Launched just over a week ago, Sache is a discovery system for the widely-used CSS preprocessor Sass. Sache seeks to catalogue useful Sass extensions and provide easy access to their Github repositories. While it doesn’t have a suite of command-line tools like NPM or Bower — at least, not yet — it does provide a way to find quality extensions filtered by tag and popularity.
We spoke to Chris Michel, one-half of the Sache development team, about its creation.
What inspired you to create Sache?
Well first off, I have to say that it wasn’t just me that developed Sache. It really couldn’t have happened without the help of my good friend, Jared Hardy. He took care of the backend components and I handled the front-end and interactions. We ping-ponged back and forth the entire time, it was really fun! We’ve always tinkered with side projects together, but this idea was the one that had the momentum to actually finish and release!
So, the inspiration. We both went to SassConf back in October of last year and were sitting their listening to the opening keynote from Chris Eppstein. Chris mentioned how he’d always wished there was some sort of registry for Sass and Compass tools, but that nobody had made it yet. He, jokingly, but seriously, challenged someone in the crowd to build it. I leaned over to Jared and said, “let’s build it”.
After you had the idea for Sache, what was the implementation process like?
We just so happened to be staying in an awesome Airbnb together that had great wi-fi, so we headed back after lunch and decided to hack on a quick prototype MVP to show some people later that night at the final conference party. The people we initially showed it to were pretty excited, so we chugged ahead after the conference. Our original working name for it was “Sassy Toolbox”, but we ended up not wanted to go with the “Sassy” norm that a lot of Sass things go for. So after some brainstorming, we came up with “Sache”, basically merging Sass with “cache”.
We wanted to build something that was easy to use and had a simple enough feature set that we wouldn’t get bogged down trying to build it. We’d both worked and built Sass tools before and understand how hard it can be to get your code out there, so that was the driving force behind all of this. Let’s just make it as easy as possible to add you project and utilize tools, like Github, to do some of the heavy-lifting on the API and hosting side. We didn’t want to get into the game of being another repository service, so we focused down on being a directory that linked to Github repos. We settled on a basic feature set (tags, featured, search, bower-like JSON file, etc). We knew that people wouldn’t want to create another account, so we utilized a .json file to act as user authentication and as a way for us to populate information into our database. Since the owner of the repo (or someone with access) had to add the .json file, we knew it was legit.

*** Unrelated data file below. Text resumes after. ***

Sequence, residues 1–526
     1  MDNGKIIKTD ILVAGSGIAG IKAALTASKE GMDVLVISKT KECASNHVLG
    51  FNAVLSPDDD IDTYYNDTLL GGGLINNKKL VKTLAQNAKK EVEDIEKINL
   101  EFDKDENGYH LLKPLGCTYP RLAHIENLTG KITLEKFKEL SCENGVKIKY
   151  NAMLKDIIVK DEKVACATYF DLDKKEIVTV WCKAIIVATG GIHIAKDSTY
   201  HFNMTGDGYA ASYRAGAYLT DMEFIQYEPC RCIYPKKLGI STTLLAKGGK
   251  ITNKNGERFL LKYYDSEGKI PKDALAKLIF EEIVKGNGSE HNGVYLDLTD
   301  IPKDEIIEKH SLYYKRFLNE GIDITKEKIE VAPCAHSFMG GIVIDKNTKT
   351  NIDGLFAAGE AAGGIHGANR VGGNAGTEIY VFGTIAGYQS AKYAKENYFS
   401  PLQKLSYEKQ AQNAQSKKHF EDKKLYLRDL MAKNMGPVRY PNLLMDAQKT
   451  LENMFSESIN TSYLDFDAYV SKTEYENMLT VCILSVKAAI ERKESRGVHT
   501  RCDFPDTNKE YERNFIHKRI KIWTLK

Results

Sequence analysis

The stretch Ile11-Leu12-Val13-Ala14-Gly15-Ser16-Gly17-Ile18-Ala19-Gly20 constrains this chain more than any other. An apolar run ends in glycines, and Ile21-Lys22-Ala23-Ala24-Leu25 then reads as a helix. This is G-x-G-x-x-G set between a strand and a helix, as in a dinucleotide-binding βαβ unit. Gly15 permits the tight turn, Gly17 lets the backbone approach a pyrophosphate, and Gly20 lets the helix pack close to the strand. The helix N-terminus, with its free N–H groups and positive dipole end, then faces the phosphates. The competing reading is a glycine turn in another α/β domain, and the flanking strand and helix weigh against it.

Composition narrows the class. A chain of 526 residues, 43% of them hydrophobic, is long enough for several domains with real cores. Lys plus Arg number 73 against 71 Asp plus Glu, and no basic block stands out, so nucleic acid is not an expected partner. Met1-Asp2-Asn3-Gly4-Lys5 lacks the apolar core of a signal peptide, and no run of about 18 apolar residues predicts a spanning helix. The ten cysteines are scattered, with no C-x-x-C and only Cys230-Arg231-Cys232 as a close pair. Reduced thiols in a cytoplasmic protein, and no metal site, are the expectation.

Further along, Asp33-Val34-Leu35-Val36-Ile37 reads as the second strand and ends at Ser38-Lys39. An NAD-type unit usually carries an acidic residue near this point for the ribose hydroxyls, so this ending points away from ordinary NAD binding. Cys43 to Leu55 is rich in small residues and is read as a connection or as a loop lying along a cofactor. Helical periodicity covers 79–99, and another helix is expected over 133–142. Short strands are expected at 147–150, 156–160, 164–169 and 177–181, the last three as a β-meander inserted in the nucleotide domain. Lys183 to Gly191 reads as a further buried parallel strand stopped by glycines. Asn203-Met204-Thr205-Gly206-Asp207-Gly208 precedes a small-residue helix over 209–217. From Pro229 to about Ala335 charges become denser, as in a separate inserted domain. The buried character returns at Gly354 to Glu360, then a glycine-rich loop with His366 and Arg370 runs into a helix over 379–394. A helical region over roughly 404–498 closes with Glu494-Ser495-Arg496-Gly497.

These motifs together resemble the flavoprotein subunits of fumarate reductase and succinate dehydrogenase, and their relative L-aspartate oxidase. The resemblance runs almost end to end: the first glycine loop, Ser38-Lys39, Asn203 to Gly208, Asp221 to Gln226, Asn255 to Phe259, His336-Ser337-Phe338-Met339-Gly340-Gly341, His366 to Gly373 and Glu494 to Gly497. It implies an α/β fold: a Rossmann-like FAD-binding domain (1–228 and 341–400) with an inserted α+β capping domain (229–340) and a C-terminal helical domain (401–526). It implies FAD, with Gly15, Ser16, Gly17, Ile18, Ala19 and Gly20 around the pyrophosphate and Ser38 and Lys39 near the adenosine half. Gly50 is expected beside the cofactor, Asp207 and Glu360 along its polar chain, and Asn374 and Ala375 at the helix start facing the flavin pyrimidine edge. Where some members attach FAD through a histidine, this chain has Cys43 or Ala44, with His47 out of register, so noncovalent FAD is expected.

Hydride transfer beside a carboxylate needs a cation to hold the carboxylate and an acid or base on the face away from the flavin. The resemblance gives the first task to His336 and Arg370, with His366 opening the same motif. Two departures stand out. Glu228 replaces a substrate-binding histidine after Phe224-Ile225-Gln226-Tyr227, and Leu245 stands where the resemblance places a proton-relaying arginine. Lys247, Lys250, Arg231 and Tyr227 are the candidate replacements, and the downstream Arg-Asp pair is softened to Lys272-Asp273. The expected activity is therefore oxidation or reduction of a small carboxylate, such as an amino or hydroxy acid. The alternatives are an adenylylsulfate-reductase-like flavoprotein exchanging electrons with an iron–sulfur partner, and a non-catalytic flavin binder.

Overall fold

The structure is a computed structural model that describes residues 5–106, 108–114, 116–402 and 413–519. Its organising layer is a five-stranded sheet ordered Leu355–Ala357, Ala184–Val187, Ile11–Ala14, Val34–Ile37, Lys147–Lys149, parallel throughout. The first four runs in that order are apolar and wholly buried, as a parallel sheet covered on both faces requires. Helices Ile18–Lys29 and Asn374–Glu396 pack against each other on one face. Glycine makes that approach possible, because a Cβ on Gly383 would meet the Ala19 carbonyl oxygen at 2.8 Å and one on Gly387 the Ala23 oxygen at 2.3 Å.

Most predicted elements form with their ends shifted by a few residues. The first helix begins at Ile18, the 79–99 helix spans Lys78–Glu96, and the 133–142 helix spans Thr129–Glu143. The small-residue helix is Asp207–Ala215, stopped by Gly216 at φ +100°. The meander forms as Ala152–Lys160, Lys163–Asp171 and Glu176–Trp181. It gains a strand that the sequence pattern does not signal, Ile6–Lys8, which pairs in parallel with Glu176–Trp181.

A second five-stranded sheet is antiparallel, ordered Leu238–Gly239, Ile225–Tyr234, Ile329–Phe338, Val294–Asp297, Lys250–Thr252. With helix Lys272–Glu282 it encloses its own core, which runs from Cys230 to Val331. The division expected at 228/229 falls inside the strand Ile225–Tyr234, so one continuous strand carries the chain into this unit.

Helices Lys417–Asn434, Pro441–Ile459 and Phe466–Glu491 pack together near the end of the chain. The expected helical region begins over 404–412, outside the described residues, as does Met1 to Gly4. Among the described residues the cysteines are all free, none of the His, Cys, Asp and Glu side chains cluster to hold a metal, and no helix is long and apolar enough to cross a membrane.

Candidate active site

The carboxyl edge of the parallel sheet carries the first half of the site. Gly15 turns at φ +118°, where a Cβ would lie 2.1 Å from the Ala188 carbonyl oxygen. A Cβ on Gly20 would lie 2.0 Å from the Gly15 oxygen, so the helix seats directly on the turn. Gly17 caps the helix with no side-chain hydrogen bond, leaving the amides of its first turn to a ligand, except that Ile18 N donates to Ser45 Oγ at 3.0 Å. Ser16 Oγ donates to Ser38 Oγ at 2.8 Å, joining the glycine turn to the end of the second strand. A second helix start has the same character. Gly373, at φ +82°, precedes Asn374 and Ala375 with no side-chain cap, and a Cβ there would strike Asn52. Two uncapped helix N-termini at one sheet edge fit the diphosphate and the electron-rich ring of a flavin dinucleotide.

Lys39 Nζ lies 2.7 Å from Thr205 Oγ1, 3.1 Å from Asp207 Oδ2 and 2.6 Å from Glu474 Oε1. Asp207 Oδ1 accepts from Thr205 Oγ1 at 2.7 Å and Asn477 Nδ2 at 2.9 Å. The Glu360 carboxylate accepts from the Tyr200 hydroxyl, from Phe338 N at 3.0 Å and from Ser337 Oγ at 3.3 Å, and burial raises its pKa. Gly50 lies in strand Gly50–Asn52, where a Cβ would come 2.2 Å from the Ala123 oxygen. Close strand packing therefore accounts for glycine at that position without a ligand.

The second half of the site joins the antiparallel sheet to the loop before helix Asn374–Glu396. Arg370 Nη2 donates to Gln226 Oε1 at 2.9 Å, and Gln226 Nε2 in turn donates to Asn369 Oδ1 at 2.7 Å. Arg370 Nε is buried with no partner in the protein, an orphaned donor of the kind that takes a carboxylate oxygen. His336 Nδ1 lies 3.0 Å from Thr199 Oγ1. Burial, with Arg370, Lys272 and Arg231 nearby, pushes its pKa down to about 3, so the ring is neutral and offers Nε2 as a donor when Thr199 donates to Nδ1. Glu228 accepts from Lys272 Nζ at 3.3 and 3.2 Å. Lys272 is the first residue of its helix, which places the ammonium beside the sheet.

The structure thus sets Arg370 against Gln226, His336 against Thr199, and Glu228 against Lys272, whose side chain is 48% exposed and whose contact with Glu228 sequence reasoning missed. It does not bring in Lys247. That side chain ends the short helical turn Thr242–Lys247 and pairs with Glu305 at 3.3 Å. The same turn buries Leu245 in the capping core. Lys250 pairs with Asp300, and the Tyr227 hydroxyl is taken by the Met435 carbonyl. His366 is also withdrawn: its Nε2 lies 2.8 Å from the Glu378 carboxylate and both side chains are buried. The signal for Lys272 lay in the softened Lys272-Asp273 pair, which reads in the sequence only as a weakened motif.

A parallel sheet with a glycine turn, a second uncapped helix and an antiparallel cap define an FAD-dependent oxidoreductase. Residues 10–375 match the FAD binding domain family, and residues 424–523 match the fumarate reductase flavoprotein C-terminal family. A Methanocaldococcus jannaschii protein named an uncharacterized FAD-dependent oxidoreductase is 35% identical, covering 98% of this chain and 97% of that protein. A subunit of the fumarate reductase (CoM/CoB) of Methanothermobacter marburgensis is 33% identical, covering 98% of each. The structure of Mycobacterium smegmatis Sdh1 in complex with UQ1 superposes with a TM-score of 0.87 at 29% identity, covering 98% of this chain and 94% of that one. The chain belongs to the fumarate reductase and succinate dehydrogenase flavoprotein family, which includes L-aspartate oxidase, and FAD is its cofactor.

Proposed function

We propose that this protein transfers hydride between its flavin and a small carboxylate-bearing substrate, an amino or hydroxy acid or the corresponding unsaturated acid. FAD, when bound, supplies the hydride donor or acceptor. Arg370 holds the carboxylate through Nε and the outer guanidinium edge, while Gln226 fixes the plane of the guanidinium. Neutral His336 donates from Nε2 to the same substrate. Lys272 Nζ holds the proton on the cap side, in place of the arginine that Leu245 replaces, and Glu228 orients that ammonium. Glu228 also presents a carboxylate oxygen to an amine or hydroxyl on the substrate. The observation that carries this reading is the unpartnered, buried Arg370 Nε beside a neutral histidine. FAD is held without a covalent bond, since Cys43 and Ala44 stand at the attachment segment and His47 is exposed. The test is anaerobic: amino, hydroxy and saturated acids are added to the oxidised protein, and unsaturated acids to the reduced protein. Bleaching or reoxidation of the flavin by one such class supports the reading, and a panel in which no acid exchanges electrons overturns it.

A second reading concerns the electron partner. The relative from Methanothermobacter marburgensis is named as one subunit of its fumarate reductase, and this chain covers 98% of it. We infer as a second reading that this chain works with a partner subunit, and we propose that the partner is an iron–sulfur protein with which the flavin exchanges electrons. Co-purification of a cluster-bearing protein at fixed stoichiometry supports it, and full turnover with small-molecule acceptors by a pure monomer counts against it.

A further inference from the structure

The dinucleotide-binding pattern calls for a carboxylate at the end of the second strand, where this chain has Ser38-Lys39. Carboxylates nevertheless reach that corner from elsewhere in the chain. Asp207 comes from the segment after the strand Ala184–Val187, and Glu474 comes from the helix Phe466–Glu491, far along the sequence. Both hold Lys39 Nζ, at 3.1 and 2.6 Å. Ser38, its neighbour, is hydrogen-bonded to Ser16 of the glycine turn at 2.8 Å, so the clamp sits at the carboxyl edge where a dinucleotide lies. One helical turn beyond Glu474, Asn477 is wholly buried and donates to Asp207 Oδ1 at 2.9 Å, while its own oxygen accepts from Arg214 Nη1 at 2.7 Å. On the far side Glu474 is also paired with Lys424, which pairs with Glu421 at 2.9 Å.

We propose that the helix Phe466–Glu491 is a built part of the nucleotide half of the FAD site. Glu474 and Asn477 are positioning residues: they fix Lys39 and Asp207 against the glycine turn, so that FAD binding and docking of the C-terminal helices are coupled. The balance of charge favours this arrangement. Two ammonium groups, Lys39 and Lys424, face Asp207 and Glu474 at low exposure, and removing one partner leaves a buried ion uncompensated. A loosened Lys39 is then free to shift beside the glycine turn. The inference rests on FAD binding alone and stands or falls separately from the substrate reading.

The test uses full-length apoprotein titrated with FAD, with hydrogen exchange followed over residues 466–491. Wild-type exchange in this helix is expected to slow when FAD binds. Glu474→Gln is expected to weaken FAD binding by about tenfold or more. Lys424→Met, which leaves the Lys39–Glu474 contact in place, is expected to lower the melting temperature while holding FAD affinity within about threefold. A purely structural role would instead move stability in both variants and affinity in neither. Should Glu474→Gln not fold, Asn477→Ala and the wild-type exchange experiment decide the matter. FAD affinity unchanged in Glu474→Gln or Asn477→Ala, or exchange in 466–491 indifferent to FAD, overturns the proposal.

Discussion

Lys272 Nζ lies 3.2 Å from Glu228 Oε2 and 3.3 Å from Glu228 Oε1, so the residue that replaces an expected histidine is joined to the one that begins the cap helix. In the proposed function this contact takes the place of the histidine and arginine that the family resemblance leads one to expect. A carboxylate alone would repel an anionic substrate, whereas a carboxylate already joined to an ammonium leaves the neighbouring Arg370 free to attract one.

The implementation process was pretty back and forth. We started on separate repos, one static, one building on Postgres to run the database. Once we had both in good condition, we merged them together and started working from the official Sache repo. The app is built on Sinatra and we’re using AJAX to make the entire experience pretty seamless on the front-end. The design happened in-browser, with a few small tweaks later in the process that happened in Photoshop/Illustrator as we refined it before release. We wanted to match the new official Sass website so we went with the same color scheme and overall look and feel, with small differentiators to make it our own. The pages are marked up in Haml and the styles are written in Sass, the entire project is public on Github and we’re happily taking pull requests or issue reports.
How do you think tools like Sache, NPM, and other extension repositories affect the way we build things?
Well what Jared and I hope for is that these tools enable people to get quicker access to amazing tools that the community has built. NPM, bower and others already do an amazing job at the command line functionality of bringing things into a project easily. We don’t really see Sache trying to compete much there, in fact, a lot of the extensions listed already have a bower component built-in. Bower is changing the game in the Sass community right now as far as code share-ability. We’re hoping Sache can aid in some of the discover aspects. One surprising thing that we didn’t expect was to find out how many Sass tools are actually out there. At the time of writing this we have about 53 Sass extensions in the database and both of us have already learned a ton just from looking at what others have already built!